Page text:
• A Matter of Time (1966) and The Woman Said Yes (1976), by Jessamyn West
    A Matter of Time and The Woman Said Yes: Encounters with Life and Death offer a reader the rare opportunity of seeing an author tell the same story in two different ways: one as a novel, the other–ten years later–as a memoir. The story is about how Jessamyn West helped her sister, Carmen, in the […]
  • My Mother’s Hands, from Journey Around My Room, by Louise Bogan
    My mother had true elegance of hand. She could cut an apple like no one else. Her large hands guided the knife; the peel fell in a long light curve down from the fruit. Then she cut a slice from the side. The apple lay on the saucer, beautifully fresh, white, dewed with faint juice. […]
  • “To Myself,” from Spicewood, by Lizette Woodworth Reese
    To Myself Girl, I am tired of blowing hot and cold; Of being that with that, and this with this; A loosened leaf no bough would ever miss, At the wind’s whim betwixt the sky and mould. Of wearing masks. Oh, I would rend them all Into the dust that by my door is blown; […]
  • Important to Me, by Pamela Hansford Johnson (1974)
    When I was in high school, I used to keep a copy of C. P. Snow’s Variety of Men, a collection of memoirs of his encounters with such men as Einstein, Churchill, and H. G. Wells, beside my bed. I had picked it up from a sale box at the base exchange, as I thought […]
  • Intimations of Mortality, by Violet Weingarten (1978)
    “Is life too short to be taking shit, or is life too short to mind it?” Violet Weingarten wonders after being told by an acquaintance–erroneously and spitefully–that her husband was having an affair while she is undergoing chemotherapy. A few years later, Anne Lamott, watching as her father, writer Kenneth Lamott, was dying of cancer, […]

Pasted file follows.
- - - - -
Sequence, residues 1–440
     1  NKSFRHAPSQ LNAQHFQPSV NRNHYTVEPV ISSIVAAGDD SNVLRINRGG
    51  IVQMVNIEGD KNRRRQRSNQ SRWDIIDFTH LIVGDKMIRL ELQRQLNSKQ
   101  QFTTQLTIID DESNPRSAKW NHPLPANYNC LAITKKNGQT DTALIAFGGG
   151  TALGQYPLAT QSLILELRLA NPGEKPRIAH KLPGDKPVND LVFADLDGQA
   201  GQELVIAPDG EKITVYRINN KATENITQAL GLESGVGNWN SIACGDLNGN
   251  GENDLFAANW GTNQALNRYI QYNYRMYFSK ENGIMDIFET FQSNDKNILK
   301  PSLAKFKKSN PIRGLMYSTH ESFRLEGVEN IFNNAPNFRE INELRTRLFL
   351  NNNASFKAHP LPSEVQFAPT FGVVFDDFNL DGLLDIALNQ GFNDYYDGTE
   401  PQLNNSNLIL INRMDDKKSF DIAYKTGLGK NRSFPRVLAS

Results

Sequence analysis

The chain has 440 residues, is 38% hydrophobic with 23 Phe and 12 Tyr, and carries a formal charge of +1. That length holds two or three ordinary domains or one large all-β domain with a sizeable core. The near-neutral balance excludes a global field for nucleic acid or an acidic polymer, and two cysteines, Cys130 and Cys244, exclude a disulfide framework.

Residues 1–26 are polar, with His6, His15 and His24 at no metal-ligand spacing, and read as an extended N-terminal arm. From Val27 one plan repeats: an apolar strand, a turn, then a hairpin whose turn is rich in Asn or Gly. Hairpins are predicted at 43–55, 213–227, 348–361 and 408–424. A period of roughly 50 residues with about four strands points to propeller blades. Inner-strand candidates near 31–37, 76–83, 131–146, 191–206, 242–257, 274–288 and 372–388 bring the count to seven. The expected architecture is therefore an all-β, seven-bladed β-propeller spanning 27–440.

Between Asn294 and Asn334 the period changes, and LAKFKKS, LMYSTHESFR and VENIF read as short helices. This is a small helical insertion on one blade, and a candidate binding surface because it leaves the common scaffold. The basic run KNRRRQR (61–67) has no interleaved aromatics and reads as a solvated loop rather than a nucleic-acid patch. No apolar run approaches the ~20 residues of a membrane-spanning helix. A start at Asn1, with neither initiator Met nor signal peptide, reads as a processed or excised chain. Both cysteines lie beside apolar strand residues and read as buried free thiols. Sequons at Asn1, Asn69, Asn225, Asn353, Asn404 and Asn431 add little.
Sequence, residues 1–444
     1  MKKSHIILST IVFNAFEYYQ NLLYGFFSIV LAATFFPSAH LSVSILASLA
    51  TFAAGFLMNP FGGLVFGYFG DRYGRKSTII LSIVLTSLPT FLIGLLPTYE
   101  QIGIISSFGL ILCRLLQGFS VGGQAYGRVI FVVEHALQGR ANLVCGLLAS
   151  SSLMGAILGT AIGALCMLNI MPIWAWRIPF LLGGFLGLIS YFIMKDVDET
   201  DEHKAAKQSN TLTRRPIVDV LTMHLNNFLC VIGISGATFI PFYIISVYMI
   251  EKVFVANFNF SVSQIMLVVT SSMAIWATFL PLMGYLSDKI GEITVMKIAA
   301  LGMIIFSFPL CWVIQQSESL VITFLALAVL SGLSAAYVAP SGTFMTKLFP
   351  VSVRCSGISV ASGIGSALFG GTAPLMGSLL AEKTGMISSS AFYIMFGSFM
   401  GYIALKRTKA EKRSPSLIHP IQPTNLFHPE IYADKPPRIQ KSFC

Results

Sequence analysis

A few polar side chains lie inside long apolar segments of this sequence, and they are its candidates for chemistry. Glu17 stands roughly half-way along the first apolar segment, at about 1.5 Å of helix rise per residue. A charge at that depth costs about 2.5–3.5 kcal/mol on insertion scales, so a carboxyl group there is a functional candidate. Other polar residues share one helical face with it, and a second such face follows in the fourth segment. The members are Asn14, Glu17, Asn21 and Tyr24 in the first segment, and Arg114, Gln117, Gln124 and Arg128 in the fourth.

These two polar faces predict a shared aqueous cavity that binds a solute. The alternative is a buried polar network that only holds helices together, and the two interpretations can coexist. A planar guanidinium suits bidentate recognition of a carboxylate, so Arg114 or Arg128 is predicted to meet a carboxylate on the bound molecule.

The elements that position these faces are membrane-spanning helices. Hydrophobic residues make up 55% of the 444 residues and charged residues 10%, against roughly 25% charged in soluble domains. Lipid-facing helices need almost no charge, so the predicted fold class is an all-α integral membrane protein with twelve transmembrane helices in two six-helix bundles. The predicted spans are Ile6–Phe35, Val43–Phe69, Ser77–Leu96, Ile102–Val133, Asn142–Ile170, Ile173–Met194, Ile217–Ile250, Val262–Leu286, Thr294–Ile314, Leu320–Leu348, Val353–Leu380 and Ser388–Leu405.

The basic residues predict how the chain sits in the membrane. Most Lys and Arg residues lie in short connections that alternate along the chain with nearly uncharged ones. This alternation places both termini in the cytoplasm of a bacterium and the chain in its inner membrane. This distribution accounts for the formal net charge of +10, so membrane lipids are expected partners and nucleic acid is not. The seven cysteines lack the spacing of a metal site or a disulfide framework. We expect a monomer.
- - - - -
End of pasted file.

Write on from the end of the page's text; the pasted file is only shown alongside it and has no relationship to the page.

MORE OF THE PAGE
Three Percent - Literature in Translation

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(09/12/2010) Frangipani House by Beryl Gilroy. London. 1986. Heinemann. Prize winner in the GLC Black Literature Competition. keywords: Literature Caribbean Women Black Guyana. CWS37. 111 pages. Cover illustration by Ramo Avella. Cover design by Keith Pointing. 0435988522.

FROM THE PUBLISHER -

   FRANGIPANI HOUSE, Beryl Gilroy’s first novel, won a prize in the GLC Black Literature Competition even before it was published. Set in Guyana, it is the story of Mama King, trapped by age and infirmity, but ultimately indomitable. She becomes too much for her family who send her away to Frangipani House, a dreary claustrophobic rest home - but Mama King does not give in. She makes her mark—first-through anguish, then near madness, and finally by escape to the dangerous, dirty, vital world of the poor. FRANGIPANI HOUSE is a beautifully written protest at institutions that isolate, and a way of life that denies respect and responsibility for the weak.

Beryl Gilroy was born in Guyana, and came to England in 1951, at the start of a decade which saw 150,000 people leave the Caribbean for the UK. Although already an experienced teacher, she was forced to take jobs as a factory clerk and maid before being able to resume her career in education. She became headmistress of a North London Primary School and is now attached to the Institute of Education, University of London.